8.3Oxidation-Reduction Reactions and the Respiration Chain

In terms of the utilization of biological energy, the ability to convert energies generated by various oxidation-reduction reactions to a single form, H+ electrochemical potential, is a significant advantage. Oxidation-reduction reactions involve the transfer of electrons between two materials, and are mediated mainly by cofactors (i.e., coenzymes). Since the same cofactors (e.g., NAD+) tend to be used in different enzymatic oxidation-reduction reactions in cells, energy can be efficiently produced through a common mechanism by converging enzymatic oxidation-reduction reactions into the respiration chain through the mediation of cofactors. Among the common cofactors, NADH and FADH2 are often utilized, and quinones (such as ubiquinone) and cytochrome c are also used (Fig. 8-1). Most of these cofactors are common to all organisms, and photosynthesis (discussed in 8.5 in this chapter) also uses very similar cofactors. The free energy change of oxidation-reduction reactions has a linear relationship with the difference in oxidation-reduction potential between two reactants, A and B (Equation 8-3).

Equation 8-3
ΔG˚’ = -nF(E˚’A - E˚’B)
where n is the number of electrons transferred and F is the Faraday constant.

The hydrogen (E˚’ = -0.315 V) in NADH releases 218 kJmol-1 of energy by reacting directly with oxygen (E˚’ = +0.815 V)*4, but the respiration chain is separated into electrons and H+. These electrons, which have a high reducing ability (i.e., low oxidation-reduction potential), gradually release energy via around 20 types of electron carrier and finally react with oxygen in mild conditions. Among these electron carriers, ubiquinone (a low molecular weight compound) (Fig. 8-1) and cytochrome c (a small protein) act as mobile electron carriers, and the rest are contained in four types of protein complex (Complexes I - IV) as cofactors. These cofactors, which strongly bind to proteins, are known as the prosthetic group. In terms of substrate oxidation and reduction, these protein complexes are also called NADH dehydrogenase (Complex I), succinate dehydrogenase (Complex II), cytochrome bc1 complex (Complex III) (also known as ubiquinone-cytochrome c oxidoreductase) and cytochrome c oxidase (Complex IV) (Fig. 8-2*5).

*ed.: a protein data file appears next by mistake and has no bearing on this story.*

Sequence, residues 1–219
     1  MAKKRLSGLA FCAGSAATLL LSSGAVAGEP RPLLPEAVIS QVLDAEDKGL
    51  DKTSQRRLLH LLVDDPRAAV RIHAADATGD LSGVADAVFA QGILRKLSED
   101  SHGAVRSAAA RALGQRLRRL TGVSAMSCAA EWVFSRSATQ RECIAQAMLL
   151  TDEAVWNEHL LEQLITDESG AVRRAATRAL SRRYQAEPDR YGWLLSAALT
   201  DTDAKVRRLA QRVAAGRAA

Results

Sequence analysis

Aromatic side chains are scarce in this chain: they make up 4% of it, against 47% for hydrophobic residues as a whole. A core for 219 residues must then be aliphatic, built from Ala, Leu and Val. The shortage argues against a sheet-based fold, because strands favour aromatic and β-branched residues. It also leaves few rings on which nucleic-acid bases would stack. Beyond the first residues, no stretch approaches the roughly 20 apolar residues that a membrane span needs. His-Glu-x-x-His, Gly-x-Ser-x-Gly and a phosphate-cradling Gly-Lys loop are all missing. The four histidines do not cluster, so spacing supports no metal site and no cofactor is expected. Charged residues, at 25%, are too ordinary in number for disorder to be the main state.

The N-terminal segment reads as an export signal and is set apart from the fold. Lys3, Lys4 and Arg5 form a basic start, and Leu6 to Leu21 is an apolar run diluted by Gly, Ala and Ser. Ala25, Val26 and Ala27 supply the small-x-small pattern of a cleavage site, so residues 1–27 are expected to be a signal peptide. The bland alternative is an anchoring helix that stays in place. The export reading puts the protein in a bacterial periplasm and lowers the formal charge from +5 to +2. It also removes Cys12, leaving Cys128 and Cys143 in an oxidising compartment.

Oxidized and reduced forms of ubiquinone

Fig. 8-1. Oxidized and reduced forms of ubiquinone

Also known as coenzyme Q, this is a lipophilic compound that can transfer electrons and H+ separately, and is involved in the creation of the H+ concentration gradient.

A mitochondrion (top), and the respiration chain and ATP synthase - a protein complex - found in the inner membrane of mitochondria (bottom)A mitochondrion (top), and the respiration chain and ATP synthase - a protein complex - found in the inner membrane of mitochondria (bottom)

Fig. 8-2. A mitochondrion (top), and the respiration chain and ATP synthase - a protein complex - found in the inner membrane of mitochondria (bottom)

Q (an electron transport component) is a ubiquinone, c, c1, b, a and a3 are hemes (cytochrome cofactors), and FeS is an iron-sulfur cluster cofactor. FMD is flavin mononucleotide, and FAD is flavin adenine dinucleotide. Reduced Q generated by Complex II also passes electrons on to Complex III via the quinone cycle. Since the mechanism of H+ transport is not fully understood, the number of H+ ions transported by each complex is set as n. Overall, approximately three molecules of ATP are synthesized through the complete oxidation of one NADH molecule, and the value of n is approximately 9 in this case.

Fig. 8-3. Mitochondrial respiration chain

Glycolysis takes place in the cytoplasm.